Feature Discovery in the Context of

Διαχείριση Δεδομένων

20 Νοε 2013 (πριν από 4 χρόνια και 5 μήνες)

81 εμφανίσεις

1

Feature Discovery in the Context of

Educational Data Mining:

An Inductive Approach

Andrew Arnold, Joseph E. Beck and Richard Scheines

Machine Learning Department

Carnegie Mellon University

July 6, 2006

2

Contributions

Formulation of feature discovery problem in
educational data mining domain

Introduction and evaluation of algorithm that:

Discovers useful, complex features

Incorporates prior knowledge

Promotes the scientific process

Balances between predictiveness and interpretability

3

Outline

The Big Problem

Examples

Why is it hard?

An Investigation

Details of Our Experimental Environment

Lessons Learned from Investigational Experiments

Our Solution

Algorithm

Results

Conclusions and Next Steps

4

Problem: Features (Conceptual)

Many spaces are too complex to deal with

Features

are ways of simplifying these spaces

Domain: raw data

features

Vision: pixels

3
-
d objects

Speech: frequencies + waves

phonemes

Chess: board layout

king is protected / exposed

5

Problem: Features (Example)

A poker hand consists of 5 cards drawn from a deck of
52 unique cards. This is the raw data.

This yields (52 choose 5) = 2,598,960 unique hands

onePair
is a possible feature of this space.

There are 1,098,240
different

ways to have exactly one pair

Thus, with a single feature, we have reduced the size of our
space by over 40%

But
onePair

is only one of many, many possible
features:

twoPair

(123,552),
fullHouse
(3744),
fourOfaKind

(624)

Not all features are useful, most are not:

,
oneAce_and_OneNine
,
3primeCards

Need an efficient way to find useful features

6

Problem: Models (Example)

Given features, still need a model

For poker, the model is simple because it is explicit:

Features are ranked. Better features

Better chance of winning

Educational example:

Given features
SATmathScore
,
preTestScore
, and
curiosity

Want to predict
finalExamScore

SATmathScore

preTest
Score

Curiosity

finalExamScore

Model

Linear regression

Neural net

Etc.

7

Problem: Operationalizing Features

But how to operationalize the feature
curiosity
?

Each possible mapping of raw data into
curiosity

(e.g., curiosity_1, curiosity_2, curiosity_3),

increases

the space of models to search.

SATmathScore

preTestScore

Curiosity
_1

finalExamScore

Model

Linear regression

Neural net

Etc.

SATmathScore

preTestScore

Curiosity
_
2

finalExamScore

Model

Linear regression

Neural net

Etc.

SATmathScore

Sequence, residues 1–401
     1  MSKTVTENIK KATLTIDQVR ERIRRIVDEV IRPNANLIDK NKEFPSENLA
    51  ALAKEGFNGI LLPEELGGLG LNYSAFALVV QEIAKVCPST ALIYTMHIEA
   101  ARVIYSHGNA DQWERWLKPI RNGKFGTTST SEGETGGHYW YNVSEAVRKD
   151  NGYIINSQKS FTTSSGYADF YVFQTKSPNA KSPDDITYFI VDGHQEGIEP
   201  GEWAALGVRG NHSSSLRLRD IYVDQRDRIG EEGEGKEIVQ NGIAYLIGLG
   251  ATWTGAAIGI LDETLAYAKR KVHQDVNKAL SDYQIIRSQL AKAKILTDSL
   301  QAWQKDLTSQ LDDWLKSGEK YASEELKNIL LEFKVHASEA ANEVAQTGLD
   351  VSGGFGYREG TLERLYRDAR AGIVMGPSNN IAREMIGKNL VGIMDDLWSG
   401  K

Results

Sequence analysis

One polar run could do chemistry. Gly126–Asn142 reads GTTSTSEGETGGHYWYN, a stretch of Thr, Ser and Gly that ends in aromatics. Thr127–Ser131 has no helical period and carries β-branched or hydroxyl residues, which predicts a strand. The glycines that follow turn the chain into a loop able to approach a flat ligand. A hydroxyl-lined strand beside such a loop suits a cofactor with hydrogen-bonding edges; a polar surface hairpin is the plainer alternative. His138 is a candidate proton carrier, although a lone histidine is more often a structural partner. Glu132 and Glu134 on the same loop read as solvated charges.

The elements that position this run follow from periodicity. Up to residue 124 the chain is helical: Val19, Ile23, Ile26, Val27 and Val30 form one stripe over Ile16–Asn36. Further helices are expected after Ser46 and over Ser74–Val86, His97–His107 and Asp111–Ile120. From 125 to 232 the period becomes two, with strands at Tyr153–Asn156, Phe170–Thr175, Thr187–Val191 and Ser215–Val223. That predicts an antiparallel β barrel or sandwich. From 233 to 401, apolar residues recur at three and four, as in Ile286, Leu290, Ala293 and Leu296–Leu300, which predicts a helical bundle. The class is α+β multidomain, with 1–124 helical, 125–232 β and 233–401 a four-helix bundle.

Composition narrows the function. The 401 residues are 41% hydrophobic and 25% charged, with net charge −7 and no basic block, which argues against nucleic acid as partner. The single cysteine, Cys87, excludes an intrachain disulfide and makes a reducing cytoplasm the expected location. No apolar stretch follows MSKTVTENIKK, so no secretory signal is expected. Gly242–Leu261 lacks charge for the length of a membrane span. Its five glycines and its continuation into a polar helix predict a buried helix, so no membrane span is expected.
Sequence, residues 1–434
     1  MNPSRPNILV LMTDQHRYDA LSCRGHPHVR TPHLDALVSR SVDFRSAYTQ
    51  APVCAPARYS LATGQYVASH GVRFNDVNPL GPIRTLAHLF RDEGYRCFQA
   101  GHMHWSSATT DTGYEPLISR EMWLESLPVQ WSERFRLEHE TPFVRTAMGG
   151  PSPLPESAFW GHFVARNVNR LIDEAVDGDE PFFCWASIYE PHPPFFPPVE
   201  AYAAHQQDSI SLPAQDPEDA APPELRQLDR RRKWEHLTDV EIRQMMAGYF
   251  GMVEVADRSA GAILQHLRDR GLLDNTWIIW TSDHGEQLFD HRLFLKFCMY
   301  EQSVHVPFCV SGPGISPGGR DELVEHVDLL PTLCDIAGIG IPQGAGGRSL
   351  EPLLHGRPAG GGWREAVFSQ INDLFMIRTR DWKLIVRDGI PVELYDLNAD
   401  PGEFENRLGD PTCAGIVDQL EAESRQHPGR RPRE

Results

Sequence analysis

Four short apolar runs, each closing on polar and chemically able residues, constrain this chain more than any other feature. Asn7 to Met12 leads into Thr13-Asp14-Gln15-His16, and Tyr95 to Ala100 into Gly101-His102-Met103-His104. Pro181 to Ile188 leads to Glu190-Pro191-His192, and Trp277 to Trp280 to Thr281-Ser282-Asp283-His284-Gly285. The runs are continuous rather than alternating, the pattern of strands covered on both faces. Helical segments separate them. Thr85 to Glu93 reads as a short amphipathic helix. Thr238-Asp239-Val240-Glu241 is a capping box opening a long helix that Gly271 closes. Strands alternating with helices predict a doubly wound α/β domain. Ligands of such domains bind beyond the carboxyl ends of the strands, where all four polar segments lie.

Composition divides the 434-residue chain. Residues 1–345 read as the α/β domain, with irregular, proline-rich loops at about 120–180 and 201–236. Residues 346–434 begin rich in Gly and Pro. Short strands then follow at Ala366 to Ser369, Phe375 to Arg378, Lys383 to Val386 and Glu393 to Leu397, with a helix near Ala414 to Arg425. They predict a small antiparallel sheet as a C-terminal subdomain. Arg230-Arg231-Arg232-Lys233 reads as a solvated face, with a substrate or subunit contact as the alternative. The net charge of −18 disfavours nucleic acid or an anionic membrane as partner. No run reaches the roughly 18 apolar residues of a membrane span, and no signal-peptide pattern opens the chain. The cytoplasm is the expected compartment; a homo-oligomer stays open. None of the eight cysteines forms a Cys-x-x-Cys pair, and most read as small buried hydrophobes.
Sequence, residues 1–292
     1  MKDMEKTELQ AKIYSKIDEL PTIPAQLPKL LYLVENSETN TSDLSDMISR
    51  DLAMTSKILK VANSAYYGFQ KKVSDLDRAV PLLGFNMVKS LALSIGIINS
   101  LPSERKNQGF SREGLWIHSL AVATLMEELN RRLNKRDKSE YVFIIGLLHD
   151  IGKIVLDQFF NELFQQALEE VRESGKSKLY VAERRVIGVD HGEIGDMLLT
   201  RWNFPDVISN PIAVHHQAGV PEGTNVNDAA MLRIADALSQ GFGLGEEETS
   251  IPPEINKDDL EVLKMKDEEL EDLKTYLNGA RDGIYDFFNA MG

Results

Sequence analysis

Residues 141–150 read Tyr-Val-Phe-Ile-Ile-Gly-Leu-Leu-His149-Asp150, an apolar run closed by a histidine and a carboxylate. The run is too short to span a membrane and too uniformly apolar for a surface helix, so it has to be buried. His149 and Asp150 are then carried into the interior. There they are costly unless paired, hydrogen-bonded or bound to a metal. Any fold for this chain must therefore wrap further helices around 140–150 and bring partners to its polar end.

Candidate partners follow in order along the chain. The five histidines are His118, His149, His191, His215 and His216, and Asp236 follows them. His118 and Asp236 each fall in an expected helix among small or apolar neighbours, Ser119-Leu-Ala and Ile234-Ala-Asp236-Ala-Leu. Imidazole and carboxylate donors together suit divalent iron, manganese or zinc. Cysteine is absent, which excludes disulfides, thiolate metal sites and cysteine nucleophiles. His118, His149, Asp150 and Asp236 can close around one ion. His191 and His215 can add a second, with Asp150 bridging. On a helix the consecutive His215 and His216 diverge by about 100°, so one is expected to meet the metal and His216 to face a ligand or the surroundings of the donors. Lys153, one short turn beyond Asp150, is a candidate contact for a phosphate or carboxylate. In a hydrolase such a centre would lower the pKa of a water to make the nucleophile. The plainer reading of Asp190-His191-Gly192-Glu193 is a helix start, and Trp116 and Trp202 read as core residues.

preTestScore

Curiosity
_
3

finalExamScore

Model

Linear regression

Neural net

Etc.

Etc….

8

Our Research problem

SATmathScore

preTestScore

Curiosity
_1

finalExamScore

Model

Linear regression

Neural net

Etc.

SATmathScore

preTestScore

Curiosity
_
2

finalExamScore

Model

Linear regression

Neural net

Etc.

SATmathScore

preTestScore

Curiosity
_
3

finalExamScore

Model

Linear regression

Neural net

Etc.

Raw data

9

Details of Our Environment I

Data & Course

On
-
line course teaching causal reasoning skills

consists of sixteen modules, about an hour per module

The course was tooled to record certain events:

Logins, page requests, self assessments, quiz attempts, logouts

Each event was associated with certain attributes:

time

student
-
id

session
-
id

10

What We’d Like to Be Able to Do

Raw data

At
17:51:23

student
jd555

requested page
causality_17

At
17:51:41

student
rp22

began simulation
sim_3

At
17:51:47

student
ap29

finished
quiz_17
with score
82%

Feature

Student
jd555

is five times as
curious

as
ap29

Model

For every 5% increase in
curiosity
, student quiz performance
increases by 3%.

11

Details of Our Environment II

Models & Experiments

Wanted to find features associated with
engagement and learning.

For engagement, used the amount of time students
spent looking at pages in a module.

For learning, looked at quiz scores.

For all experiments, only looked at linear
regression models.

12

Lesson 1: Obvious Ideas Don’t
Always Work

To measure engagement, examined the amount of
time a user spent on a page

To predict this time, used three features:

student
:

mean

time

this

student

spent

per

page

session
:

mean

time

spent

on

pages

during

this

session

page
:

mean

time

spent

by

all

students

on

this

page

Which features would you guess would be most
significant for predicting time spent on a page?

13

Lesson 1: Obvious Ideas Don’t
Always Work

To measure engagement, examined the amount of
time a user spent on a page

To predict this time, used three features:

student
:

mean

time

this

student

spent

per

page

session
:

mean

time

spent

on

pages

during

this

session

page
:

mean

time

spent

by

all

students

on

this

page

Which features would you guess would be most
significant for predicting time spent on a page?

Our belief was:
page
>
student
>>
session

14

Turns Out Session Trumps User

In fact, given
session
,
student

R
-
squared of a linear model using:

student

=
4.8%

page

=
16.6%

session

=
19.9%

session
+ student

=
19.9%

session + page

= 31.4%

session

+
page

+
student

= 31.5%

15

Lesson 2: Small Differences in
Features Can Have Big Impact

self_assessments
measures the number of optional self
assessment questions a student attempted.

How well would this feature predict learning?

To measure this, we needed an outcome feature that
measured performance

Our idea was to look at quiz scores.

But what, exactly, is a quiz score?

Students can take a quiz up to three times in a module.

Should we look at the maximum of these scores? The mean?

16

Only Max Score Mattered

Max is significant, but mean is not.

Yet max and mean are both encompassed by the term “quiz score”

Researchers should not be expected to make such fine distinctions

p
-
value : .504

p
-
value : .036

Score vs self_assessments

Self_assessments (normed) Self_assessments (normed)

17

Automation

Given these lessons, how can we automate